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Edward Livingston to MVB, 6 September 1820

My dear Sir, 

I am much gratified by your letter to an unsuccessful candidate but believing that I understand your character, it does not surprise me.

Although you are a politician, I believe you want the faculty which most of them have, of cutting friends whose popularity seems to be on the wane—but even with this draw back upon your advancement you have qualified yourself by example as well as precept, to preach your favorite doctrine of optimism, and as far as my best wishes go, no future event in your life will cause you to abandon it. In the event you allude to, it may apply to me also, but not in the way that you predict. Private life and professional pursuits are better suited to my disposition and talent if I have any than the struggle of politics. From this time however until December, I shall continue to feel the utmost interest in them, and under the assurance that you give me of the disposition of this state, I feel confirmed in the opinion I had always entertained of our ultimate success, and when ever I have the satisfaction of seeing the affairs of our country placed in the hands to which I have every reason to think they will be confided, I shall cease to have any solicitude on the subject.

Your letter finds me just on the point of departure for Harrisburgh, where I shall be detained a few days. I shall esteem this very unfortunate should you in that interval make your intended visit to this part of the country. I could not help smiling at your invitation to meet you. The place was so well chosen for an aspiring politician, and we should have accepted the appointment on the heights of the towering Cattskill as a favourable omen of your approaching elevation, if my departure for Pensylvania had not prevented it. Mrs Livingston is very grateful for your remembrance, and there are moments when I think she wants the aid of your eloquence to restore her political confidence. Your letter has done much to effect this, but your presence would do more.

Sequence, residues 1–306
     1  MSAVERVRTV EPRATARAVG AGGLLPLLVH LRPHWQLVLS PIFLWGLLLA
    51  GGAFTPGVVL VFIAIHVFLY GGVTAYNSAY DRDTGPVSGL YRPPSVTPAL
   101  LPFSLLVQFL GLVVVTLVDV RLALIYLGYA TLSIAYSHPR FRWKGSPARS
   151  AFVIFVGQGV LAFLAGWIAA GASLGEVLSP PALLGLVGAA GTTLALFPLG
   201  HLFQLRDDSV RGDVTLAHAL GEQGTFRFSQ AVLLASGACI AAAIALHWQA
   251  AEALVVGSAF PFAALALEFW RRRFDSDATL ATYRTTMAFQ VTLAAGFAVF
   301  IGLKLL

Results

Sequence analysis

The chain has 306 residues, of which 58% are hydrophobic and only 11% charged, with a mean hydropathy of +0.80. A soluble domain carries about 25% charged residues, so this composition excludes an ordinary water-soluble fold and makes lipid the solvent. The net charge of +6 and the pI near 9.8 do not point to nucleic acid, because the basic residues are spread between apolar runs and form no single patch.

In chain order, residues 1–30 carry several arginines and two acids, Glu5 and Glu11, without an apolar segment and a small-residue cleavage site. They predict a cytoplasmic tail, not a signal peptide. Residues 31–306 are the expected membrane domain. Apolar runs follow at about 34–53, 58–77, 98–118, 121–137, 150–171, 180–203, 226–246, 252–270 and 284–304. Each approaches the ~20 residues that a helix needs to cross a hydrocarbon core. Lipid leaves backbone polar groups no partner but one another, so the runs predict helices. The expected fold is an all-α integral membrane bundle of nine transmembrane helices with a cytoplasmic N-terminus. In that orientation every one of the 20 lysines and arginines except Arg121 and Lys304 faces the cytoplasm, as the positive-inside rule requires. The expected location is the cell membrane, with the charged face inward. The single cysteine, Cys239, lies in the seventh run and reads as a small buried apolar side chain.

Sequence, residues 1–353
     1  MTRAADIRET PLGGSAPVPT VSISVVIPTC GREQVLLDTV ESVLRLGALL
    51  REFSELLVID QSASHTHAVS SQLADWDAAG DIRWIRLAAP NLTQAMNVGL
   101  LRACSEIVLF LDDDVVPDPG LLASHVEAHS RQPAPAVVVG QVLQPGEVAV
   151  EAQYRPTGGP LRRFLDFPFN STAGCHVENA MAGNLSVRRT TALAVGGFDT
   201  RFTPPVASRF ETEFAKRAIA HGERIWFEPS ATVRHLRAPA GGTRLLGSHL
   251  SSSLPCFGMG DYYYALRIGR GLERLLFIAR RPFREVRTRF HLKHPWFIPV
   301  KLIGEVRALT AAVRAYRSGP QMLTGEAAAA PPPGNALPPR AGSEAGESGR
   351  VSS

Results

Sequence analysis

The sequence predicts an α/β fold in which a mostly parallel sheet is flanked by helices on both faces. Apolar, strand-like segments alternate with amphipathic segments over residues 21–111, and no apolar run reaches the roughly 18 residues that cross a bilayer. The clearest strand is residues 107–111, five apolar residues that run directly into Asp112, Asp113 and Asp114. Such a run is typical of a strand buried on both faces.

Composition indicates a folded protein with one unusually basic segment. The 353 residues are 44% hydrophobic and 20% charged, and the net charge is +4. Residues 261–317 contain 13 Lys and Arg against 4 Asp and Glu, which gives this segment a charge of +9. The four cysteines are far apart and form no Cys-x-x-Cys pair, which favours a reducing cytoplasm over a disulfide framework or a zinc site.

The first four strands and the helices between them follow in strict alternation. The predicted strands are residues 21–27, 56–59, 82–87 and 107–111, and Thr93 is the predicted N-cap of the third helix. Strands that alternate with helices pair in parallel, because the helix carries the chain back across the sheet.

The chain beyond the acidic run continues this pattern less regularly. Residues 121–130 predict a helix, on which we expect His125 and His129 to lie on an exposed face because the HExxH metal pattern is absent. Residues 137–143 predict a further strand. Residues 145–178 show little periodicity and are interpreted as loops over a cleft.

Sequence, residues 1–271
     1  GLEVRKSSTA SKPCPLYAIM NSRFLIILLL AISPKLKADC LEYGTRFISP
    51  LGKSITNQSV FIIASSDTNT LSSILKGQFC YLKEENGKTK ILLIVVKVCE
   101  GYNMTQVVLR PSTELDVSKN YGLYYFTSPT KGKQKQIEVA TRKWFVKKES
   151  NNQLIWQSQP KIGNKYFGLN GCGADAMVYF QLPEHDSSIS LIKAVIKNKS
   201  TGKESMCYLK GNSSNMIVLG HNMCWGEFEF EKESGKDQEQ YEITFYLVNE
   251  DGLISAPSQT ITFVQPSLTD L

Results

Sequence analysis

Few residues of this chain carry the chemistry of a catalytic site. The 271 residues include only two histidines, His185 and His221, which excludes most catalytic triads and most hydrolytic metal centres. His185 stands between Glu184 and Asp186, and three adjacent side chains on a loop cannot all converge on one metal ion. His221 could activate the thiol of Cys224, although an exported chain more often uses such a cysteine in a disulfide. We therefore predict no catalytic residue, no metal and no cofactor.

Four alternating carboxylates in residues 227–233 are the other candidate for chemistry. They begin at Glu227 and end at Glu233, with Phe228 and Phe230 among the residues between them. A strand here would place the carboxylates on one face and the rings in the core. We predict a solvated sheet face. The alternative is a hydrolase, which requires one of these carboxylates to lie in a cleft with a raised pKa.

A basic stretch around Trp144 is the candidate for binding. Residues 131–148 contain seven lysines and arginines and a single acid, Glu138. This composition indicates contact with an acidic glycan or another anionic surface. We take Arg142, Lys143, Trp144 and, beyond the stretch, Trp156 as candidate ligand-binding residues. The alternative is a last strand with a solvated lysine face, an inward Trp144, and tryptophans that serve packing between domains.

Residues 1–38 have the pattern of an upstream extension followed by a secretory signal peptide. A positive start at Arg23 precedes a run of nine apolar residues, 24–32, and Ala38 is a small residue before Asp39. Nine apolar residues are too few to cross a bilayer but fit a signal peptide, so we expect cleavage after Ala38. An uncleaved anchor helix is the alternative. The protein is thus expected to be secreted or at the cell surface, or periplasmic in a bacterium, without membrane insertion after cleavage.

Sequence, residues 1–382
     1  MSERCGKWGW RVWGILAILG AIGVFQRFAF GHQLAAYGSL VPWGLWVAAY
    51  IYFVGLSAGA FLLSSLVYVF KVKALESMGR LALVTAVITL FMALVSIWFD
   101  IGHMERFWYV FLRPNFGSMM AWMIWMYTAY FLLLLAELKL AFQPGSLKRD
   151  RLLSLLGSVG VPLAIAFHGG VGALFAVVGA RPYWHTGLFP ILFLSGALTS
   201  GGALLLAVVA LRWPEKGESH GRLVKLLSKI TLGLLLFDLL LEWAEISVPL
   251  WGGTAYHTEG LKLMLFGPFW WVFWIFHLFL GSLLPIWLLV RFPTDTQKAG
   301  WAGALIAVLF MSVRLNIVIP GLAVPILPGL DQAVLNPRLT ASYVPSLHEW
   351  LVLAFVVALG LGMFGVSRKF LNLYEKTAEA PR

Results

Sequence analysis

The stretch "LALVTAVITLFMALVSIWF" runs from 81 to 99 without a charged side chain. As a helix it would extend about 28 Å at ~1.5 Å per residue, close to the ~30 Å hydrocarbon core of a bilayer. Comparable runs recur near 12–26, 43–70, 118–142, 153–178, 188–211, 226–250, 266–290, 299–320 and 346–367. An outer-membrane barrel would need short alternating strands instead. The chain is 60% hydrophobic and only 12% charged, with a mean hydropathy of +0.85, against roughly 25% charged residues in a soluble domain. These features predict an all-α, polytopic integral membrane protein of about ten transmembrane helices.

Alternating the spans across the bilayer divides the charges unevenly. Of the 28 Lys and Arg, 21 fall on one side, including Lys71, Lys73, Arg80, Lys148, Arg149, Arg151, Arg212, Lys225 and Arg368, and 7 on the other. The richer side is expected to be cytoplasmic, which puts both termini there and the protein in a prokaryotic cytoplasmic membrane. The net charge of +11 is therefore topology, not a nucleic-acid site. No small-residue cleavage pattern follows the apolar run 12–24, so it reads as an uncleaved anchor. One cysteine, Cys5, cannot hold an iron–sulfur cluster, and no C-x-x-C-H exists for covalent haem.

I had seen the contradictions of the letter ascribed to you in the Intelligencer, and am happy to learn that no such measure is either intended or necessary. When will the blockheads learn that their forgeries and falsehoods only sink them lower in the public Esteem and injure lessen their little chance of success?

My wife and daughter beg to be remembered to you, and hope that whether before or after my return, you will not omit calling on them should you visit this quarter of the country.

With great esteem

Your friend & humble sv't 

Edward Livingston 

Source: DLC Library of Congress
Collection: MVB Papers (DLC)
Series: Series 3 (17 February 1815-2 December 1821)